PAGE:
It is important to have a plan in place for your financial goals so that you know how to allocate your money to meet your needs. Sometimes it’s overwhelming to understand how to create a budget. What are the major categories of spending anyway?
Furthermore, for us horse crazy folk, it is tempting to hide the budget and splurge on entry fees and those nice brush boots on sale in the latest catalog. If that sounds like you, the following is an easy way to visualize how to budget in terms you can understand.
Think of your overall spending as very similar to feeding the horses. One horse is named “Expenses” (isn’t that the truth?). And then you have Paying Off Debt, Saving For Emergencies, Retirement Fund, Cash, and Investments.
When it’s time to feed, you line up the buckets and start scooping their allotted amount of feed into each bucket. You don’t have to stop every night and calculate their rations. You already did that and put it on the board in the tack room. All you have to do is put the right amount into each bucket.
Right now, your horse profiles may look like this:
- Expenses is a skinny, hard to keep, Thoroughbred that you have to pour grain into and there isn’t much left over in the bag for anyone else.
- Paying Off Debt, Saving For Emergencies, Retirement Fund, and Cash are all easy keepers that get a handful to keep them happy and take their supplements.
- Investments is the fat founder pony out on the dry lot that lives on air.
As your income grows, your horse profiles are going to change. Eventually you want:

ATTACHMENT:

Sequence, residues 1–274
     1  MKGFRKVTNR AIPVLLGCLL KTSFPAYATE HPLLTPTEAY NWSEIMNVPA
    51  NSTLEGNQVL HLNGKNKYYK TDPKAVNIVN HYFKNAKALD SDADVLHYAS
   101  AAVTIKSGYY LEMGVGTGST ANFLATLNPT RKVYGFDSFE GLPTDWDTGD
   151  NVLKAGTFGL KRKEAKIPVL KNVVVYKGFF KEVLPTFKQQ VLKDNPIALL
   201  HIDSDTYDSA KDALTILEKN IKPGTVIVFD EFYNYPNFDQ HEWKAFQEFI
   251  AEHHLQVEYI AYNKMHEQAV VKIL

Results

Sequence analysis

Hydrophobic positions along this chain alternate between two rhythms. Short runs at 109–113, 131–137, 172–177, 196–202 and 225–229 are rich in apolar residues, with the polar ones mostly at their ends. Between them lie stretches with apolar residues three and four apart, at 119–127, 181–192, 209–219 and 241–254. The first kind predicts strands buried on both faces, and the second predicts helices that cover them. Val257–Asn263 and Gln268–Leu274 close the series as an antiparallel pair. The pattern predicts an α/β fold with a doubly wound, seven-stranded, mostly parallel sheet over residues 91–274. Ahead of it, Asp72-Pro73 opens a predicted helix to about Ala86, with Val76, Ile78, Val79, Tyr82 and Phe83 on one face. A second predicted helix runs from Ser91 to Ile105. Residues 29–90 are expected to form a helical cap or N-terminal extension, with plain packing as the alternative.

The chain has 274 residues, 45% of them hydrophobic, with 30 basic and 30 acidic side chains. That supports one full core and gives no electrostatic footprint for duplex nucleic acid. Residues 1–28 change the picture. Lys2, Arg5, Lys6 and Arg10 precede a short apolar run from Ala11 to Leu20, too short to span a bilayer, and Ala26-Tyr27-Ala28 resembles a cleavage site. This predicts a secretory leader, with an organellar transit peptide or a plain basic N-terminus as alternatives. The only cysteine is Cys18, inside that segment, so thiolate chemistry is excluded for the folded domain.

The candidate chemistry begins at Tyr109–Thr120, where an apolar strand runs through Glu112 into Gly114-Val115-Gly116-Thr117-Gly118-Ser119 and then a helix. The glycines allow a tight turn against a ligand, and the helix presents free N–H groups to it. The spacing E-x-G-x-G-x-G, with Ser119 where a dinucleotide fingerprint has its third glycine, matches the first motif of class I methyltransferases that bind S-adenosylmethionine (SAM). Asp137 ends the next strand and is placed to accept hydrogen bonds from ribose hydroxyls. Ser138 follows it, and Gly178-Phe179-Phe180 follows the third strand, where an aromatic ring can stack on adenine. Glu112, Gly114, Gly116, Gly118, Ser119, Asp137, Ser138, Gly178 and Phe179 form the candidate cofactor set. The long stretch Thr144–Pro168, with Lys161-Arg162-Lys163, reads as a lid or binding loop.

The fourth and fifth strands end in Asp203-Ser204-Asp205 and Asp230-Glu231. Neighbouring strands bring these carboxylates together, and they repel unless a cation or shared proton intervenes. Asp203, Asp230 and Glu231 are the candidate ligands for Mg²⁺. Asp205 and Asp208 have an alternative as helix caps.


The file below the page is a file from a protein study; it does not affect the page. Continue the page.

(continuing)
- Expenses to be an easy keeper who needs just a handful.
- Paying Off Debt moves out of the barn – one less mouth to feed.
- Saving For Emergencies just needs a maintenance plan.
- Retirement Fund and Investments are hard at work for you and need regular feeds because they are now your work horses. They are busy lesson horses and are making you money.
- Cash becomes your show pony and so his needs vary depending on how much fun you are having together. If you go on a big outing, he will need more.
Make sense? Your financial needs will change over time. Therefore it is important to review your budget and goals at least once a year.
What are your current financial goals? Go ahead and create a virtual whiteboard with your financial rations. Where does most of your money currently go? How would you like to make changes to your spending? You can start with the major categories above and then focus on the details as you become more aware of your spending habits.